At the date of the present Spectator, the outrages of the Mohocks were so intolerable, that they became the subject of a Royal Proclamation, issued on the 18th March, just a week before Sir Roger's visit to Drury Lane. Swift, who was horribly afraid of them, mentions some of their villanies. He writes two days previously, that “Two of the Mohocks caught a Maid of old Lady Winchelsea's at the Door of her House in the Park, with a Candle, and had just lighted out Somebody. They cut all her Face, and beat her without

any Provocation.' The proclamation had little effect. On the very day after our party went to the play, we find Swift exclaiming, · They go on still, and cut people's faces every night! but they shan't cut mine; I like it better as it is.'

Page 150. The same Sword that he made use of at the Battle of Steenkirk. This battle was remarkable in the

annals of fashion, for giving the name to a modish neck-cloth. At the beginning of August, 1692, while William the Third was in Flanders at the head of the allies, he discovered an enemy's spy in his camp, and to facilitate a project of surprising the French, his majesty caused him to give his master false information. The king then set upon the enemy at day-break, while they were asleep, and routed them. The French generals however rallied, and formed their troops on favourable ground, turned the tables, and finally conquered. The allies were so crest-fallen and disunited by this defeat, that William broke up the Campaign and retired to England. The French were as much elated. Their generals, amongst whom were the Prince de Condé and the Duke de Vendôme, were received in Paris with acclamation, and the roads were lined with jubilants. The petits mâitres shared in the general exultation, and although at that time it was their pride to arrange their lace cravats with the utmost elaboration and care; yet, when they heard of the disordered dress in which the generals appeared in the fight, from their haste to get into it, they suddenly changed the fashion, and wore a sort of lace negligé, which they called a “Steinkirk.' The fashion soon extended to England, and for several years the 'Steinkirk' was your fop's only wear.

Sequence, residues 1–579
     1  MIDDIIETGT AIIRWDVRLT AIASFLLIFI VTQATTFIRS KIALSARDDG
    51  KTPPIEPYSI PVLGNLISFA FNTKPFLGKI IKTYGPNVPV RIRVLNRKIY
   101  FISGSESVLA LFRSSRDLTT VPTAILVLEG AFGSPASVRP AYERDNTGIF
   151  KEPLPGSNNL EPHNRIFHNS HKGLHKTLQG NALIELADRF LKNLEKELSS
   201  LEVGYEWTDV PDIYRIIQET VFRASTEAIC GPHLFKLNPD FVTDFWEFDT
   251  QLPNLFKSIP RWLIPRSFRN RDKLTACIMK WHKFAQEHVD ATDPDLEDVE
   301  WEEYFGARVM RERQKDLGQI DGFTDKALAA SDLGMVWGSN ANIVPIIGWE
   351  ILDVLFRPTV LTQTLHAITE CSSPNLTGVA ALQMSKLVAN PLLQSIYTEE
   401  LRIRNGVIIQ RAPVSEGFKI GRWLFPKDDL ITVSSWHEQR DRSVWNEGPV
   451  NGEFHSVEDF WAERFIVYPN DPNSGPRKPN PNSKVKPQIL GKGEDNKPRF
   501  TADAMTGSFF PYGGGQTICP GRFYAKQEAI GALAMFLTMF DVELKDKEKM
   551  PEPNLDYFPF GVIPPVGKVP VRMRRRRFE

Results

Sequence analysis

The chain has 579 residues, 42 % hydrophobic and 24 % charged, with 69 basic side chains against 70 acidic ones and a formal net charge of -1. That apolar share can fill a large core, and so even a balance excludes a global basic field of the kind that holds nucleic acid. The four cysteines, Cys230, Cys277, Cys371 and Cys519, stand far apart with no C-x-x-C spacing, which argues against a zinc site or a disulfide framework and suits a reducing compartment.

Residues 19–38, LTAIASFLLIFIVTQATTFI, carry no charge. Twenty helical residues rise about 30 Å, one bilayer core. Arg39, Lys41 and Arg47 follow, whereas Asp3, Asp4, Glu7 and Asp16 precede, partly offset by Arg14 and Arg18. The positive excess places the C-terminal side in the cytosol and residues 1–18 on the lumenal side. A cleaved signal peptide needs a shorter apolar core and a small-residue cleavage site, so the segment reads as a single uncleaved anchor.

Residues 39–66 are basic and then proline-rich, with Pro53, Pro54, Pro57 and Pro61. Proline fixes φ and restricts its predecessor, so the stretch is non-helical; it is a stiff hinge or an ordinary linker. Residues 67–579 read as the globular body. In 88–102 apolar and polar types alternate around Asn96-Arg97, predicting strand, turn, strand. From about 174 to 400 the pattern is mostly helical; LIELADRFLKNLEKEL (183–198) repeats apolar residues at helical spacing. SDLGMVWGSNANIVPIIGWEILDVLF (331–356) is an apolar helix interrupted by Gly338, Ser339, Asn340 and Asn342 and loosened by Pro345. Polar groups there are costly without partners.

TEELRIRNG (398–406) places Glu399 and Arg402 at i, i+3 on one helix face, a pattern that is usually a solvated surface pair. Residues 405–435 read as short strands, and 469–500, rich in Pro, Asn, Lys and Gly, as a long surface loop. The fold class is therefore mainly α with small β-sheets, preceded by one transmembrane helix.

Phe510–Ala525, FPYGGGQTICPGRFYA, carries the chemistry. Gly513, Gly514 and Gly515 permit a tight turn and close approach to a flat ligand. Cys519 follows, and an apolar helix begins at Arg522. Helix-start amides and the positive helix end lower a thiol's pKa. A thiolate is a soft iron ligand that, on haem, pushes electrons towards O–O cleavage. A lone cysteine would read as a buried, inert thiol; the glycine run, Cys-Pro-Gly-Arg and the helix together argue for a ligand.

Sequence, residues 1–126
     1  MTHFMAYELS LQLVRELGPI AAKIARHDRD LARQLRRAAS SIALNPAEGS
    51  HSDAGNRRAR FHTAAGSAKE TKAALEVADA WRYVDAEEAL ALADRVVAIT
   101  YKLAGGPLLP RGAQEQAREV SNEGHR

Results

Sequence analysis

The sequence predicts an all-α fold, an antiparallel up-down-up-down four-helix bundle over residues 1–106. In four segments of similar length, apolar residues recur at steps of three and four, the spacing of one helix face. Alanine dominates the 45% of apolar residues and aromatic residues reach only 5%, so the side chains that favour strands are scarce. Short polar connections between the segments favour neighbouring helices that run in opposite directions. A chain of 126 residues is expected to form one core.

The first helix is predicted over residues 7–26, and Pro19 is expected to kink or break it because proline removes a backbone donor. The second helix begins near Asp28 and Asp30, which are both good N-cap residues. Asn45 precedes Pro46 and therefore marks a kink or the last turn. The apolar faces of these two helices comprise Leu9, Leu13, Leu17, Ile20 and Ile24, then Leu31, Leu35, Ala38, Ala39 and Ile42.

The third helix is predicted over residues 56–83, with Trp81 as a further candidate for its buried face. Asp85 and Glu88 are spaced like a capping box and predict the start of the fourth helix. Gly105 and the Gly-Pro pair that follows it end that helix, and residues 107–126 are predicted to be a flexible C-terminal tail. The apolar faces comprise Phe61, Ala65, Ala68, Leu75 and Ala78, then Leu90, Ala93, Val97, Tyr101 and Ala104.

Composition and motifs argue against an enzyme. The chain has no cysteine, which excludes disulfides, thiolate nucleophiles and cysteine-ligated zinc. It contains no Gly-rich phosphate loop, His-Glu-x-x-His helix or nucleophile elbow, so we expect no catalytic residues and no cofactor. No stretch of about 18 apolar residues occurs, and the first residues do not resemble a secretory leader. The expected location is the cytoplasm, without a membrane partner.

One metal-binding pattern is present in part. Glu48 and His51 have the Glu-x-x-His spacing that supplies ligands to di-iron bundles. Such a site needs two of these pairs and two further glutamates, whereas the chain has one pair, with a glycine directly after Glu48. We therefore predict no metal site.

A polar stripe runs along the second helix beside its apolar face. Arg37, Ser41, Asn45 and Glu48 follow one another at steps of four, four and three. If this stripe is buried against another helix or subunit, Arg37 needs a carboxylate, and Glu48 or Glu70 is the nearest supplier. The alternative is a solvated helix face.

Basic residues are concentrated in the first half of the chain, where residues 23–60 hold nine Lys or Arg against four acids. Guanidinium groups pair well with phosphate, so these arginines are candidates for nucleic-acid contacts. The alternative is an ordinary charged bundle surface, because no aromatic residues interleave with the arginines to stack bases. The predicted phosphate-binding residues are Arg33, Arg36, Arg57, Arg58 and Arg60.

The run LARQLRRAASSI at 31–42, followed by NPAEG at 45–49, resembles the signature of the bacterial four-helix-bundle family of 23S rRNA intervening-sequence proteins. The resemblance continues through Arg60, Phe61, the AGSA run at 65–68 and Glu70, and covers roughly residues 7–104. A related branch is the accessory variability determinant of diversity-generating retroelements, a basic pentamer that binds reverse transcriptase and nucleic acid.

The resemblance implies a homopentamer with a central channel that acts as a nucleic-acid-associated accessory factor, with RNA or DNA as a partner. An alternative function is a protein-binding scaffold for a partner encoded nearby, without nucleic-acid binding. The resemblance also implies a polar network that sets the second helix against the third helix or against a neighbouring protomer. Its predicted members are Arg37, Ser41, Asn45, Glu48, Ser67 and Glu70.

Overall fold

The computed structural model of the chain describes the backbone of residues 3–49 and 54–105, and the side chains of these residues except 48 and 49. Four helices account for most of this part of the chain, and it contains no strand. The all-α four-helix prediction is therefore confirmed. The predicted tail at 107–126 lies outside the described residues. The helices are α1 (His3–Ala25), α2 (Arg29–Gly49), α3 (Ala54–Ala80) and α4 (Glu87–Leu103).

Chap. XXIV. Sir Ruger at Vauxhall.

No. 383. Tuesday, May 20, 1712. By Addison.
Page 151. I had promised to go with him on the Water to

Spring-Garden. Fox-hall or Vauxhall Gardens were a substitute for Old Spring Gardens, Charing Cross, when the latter ceased to be a place of public entertainment, and began to be covered with private residences. The name was derived from a 'Spring' which supplied a jet, Óby a wheel which the gardener turns at a distance, through a number of little pipes.' (Hentzner's Travels.) The jet was concealed, and did not spurt forth until an unwary visitor trod on a particular spot, when there came a self-administered shower bath. This, with archery, bowls, a grove of warbling birds,' a pleasant yard and a pond for bathing, furnished the amusements. • Sometimes,' says Evelyn, they would have music, and sup on barges on the water.'

At the Restoration, builders invaded Spring Gardens, and its name was transferred to Vauxhall Gardens, which formed part of the estate of Sir Samuel Morland, who had already (in 1667) built a large room there. Except the Spring, the amusements were nearly the same as in the old garden. The close walks' were an especial attraction for other reasons than the nightingales, which, in their proper season,

warbled in the trees. • The windings and turnings in the little wilderness,' quoth Tom Brown, “are so intricate, that the most experienced mothers have often lost themselves in looking for their daughters.' We hear little of Vauxhall from the year of Sir Roger's visit (1712) till 1732, when it was resuscitated by Mr. Jonathan Tyers : he termed it Ridotto al Fresco, collected an efficient orchestra, set up an organ, engaged Hogarth and Roubillác to decorate the great room with paintings and statuary, and issued silver season tickets